Up until June of this year, I’d never had success blow-drying my hair on my own. All my life, my sisters and I had relied on our mother to do it for us. You see, to blow-dry my natural hair (which is on the kinkier end of the spectrum), I need a minimum of three hands: tighter, dense curls require careful sectioning for even attention, lest your hair ends up damp in hard-to-reach places. To get the best results, you can’t just hit it with hot air: It needs to be sectioned first for even heat application. Then you have to brush each section with an afro comb or brush whilst you dry. Holding a dryer and a brush means no hands left free to section, so, as a process, it’s fairly easy to do on someone else’s head, but not on your own.
As an adult, I’d pop over to my mum’s house around once a month, distracting myself with the television whilst my mum blow-dried. Even with her help, it was tricky — combing tongs snapped, harsh heat would singe my ears. Solo attempts were worse: I found it impossible to complete the brushing, sectioning, and drying motions myself. My curls would be left tightened and difficult to separate, and I couldn’t secure the blown-out texture needed to aid other styles.
But then came March. I was unable to travel to my mum’s during lockdown, and I was forced to review my natural-hair practices. I frantically searched online for the best potions, lotions and products to help tend to my hair. So when browsing YouTube and landing on Blake Jael’s channel, I noticed a strange-looking pink-and-black contraption that seemed to fly through her hair: the Revlon Pro Collection Salon One-Step Hair Dryer and Styler. The dryer combines a hair dryer with a brush, sending out air from vents in between sturdy, smaller bristles. Lo and behold, here was a dryer that didn’t require an extra pair of hands.
Discouraged by memories of smoky-smelling tresses and scalp pain, I put off buying it. But as I continued to explore videos about natural hair on YouTube, I kept seeing the dryer, and comments under videos often sang its praises. It was the Amazon reviews that eventually convinced me to buy it. I saw fellow Black women raving about its efficiency and how easy it was to use. And once I’d purchased it, I was hooked: It didn’t snag at my hair at all. With my other hand free to help section as I went, my hair was left fantastically blown-out, without a hint of dampness to be found. To check against the claims made by YouTubers, I even set a timer: My hair dried in around 25 minutes, far less than the hour-long attempts I suffered through before.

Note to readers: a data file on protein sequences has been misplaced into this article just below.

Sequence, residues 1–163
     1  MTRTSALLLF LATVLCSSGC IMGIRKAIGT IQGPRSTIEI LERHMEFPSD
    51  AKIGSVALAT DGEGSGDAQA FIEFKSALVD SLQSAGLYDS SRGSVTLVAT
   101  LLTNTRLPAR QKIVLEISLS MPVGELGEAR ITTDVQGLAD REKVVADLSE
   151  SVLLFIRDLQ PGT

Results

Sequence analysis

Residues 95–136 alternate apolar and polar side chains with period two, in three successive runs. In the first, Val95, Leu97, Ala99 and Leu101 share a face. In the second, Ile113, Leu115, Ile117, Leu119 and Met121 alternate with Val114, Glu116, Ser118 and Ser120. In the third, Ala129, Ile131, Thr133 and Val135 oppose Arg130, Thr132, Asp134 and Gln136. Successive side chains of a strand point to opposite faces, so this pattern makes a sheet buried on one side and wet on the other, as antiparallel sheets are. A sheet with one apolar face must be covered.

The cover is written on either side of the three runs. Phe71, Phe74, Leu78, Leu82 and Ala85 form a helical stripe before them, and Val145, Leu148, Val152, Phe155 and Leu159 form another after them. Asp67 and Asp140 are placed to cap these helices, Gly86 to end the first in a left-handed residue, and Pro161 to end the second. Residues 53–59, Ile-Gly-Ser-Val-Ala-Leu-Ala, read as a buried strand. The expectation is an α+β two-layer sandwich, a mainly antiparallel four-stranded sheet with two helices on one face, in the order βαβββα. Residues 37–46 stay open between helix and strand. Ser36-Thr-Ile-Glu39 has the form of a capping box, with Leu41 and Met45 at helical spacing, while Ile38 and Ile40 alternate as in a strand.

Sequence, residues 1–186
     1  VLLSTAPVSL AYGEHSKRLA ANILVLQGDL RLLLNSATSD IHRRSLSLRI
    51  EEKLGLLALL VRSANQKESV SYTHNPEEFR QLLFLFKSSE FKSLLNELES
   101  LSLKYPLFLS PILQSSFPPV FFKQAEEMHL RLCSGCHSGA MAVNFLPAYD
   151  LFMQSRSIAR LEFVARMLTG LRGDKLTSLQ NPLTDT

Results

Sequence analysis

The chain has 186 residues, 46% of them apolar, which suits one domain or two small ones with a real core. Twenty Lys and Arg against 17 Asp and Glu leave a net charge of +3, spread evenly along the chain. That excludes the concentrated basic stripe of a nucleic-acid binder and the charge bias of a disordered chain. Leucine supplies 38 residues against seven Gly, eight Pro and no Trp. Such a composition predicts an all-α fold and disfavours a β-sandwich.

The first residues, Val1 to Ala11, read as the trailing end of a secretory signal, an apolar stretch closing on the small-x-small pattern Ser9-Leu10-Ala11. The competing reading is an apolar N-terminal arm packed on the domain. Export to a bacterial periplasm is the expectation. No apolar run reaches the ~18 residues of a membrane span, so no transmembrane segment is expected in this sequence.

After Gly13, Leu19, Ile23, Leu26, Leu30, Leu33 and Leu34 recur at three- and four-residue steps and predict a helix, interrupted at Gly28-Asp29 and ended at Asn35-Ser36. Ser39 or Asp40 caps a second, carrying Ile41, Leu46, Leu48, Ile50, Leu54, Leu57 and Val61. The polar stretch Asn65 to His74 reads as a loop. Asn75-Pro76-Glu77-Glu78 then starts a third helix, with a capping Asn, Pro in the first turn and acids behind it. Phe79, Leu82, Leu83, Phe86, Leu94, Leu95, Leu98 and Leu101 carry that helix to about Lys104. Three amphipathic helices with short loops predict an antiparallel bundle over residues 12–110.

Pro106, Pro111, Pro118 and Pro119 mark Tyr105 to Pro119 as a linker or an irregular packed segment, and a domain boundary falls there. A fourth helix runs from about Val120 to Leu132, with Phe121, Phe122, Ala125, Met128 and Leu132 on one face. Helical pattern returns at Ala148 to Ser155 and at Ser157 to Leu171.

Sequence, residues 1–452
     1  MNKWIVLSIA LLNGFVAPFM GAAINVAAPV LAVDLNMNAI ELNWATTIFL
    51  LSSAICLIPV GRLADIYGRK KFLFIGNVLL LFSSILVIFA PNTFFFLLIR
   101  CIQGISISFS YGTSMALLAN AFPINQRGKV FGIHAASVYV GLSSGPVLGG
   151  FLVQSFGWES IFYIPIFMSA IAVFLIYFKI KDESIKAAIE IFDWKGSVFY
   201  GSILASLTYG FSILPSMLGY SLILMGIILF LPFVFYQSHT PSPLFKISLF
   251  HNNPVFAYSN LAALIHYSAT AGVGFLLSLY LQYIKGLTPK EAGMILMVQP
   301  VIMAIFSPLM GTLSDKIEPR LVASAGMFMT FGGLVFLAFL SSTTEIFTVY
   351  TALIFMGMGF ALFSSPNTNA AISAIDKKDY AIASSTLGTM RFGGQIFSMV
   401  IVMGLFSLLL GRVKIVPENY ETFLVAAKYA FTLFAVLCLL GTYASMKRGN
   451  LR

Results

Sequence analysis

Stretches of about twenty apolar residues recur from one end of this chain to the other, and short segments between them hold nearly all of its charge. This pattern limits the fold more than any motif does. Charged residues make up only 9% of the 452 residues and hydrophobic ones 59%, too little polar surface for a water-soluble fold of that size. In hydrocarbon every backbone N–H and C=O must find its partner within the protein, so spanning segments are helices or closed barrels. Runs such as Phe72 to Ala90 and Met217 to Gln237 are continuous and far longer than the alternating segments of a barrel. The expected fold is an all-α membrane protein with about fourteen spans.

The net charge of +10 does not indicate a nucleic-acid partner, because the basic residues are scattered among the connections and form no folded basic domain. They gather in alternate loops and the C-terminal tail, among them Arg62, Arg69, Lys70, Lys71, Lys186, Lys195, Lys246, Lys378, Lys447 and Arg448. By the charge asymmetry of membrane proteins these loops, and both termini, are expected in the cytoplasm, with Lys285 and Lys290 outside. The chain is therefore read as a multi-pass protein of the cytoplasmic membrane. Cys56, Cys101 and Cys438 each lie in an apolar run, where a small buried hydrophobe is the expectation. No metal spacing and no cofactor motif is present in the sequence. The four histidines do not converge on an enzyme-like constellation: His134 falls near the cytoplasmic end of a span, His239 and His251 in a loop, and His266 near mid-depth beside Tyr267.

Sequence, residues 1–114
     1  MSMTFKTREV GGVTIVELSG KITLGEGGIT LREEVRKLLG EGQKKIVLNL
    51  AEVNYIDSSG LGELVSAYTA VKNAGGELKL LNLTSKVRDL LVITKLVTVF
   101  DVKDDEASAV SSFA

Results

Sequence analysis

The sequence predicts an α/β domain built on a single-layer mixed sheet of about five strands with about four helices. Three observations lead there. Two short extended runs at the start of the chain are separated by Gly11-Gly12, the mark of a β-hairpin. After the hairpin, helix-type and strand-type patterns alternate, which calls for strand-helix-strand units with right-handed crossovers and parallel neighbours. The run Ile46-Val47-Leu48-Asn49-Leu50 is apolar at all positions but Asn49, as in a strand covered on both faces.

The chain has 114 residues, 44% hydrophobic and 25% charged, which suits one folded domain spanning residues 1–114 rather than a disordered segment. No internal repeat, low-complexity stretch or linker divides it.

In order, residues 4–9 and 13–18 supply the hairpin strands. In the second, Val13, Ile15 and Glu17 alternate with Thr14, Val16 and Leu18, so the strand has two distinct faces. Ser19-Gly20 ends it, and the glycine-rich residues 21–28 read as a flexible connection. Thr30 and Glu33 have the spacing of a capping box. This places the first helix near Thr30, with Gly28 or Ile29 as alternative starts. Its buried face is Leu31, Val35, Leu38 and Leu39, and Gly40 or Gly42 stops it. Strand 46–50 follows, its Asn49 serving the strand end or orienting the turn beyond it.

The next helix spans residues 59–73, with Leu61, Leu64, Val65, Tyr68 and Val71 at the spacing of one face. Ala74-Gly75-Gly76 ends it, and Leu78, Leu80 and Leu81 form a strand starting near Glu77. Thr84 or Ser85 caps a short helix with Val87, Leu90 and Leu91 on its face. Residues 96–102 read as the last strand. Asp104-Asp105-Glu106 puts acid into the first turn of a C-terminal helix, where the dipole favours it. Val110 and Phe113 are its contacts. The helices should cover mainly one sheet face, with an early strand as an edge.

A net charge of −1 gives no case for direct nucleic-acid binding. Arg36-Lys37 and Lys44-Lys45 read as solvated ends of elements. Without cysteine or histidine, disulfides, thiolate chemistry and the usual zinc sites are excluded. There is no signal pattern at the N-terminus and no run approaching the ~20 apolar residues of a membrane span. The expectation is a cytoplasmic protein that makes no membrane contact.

Now, four months on, my drying routine is locked down: After washing and detangling, I quickly dab hair with an old T-shirt till strands are damp instead of wet. Section-by-section, I apply a spritz of a heat protectant and a light leave-in moisturizer. I try to avoid high temperatures (Afro hair can be damaged by heat if not careful), so I tend to use the medium setting when running the dryer through my hair, giving an occasional switch to cool when I want to bring temperatures down.
Once I was allowed to visit my mum’s house again, I took the dryer with me. I was sure she and my sisters would share my excitement, and my mum would appreciate a day off drying duty. All went well, until I had a squabble with my older sister. After I took the dryer out of my bag, she’d demanded to know why I’d gone into her room, and taken her hairdryer. Turns out, we’d both bought the same one.
Some hair products I like
I like black-owned products like Dizziak and Afrocenchix’s water-based puddings that provide slip and moisture.
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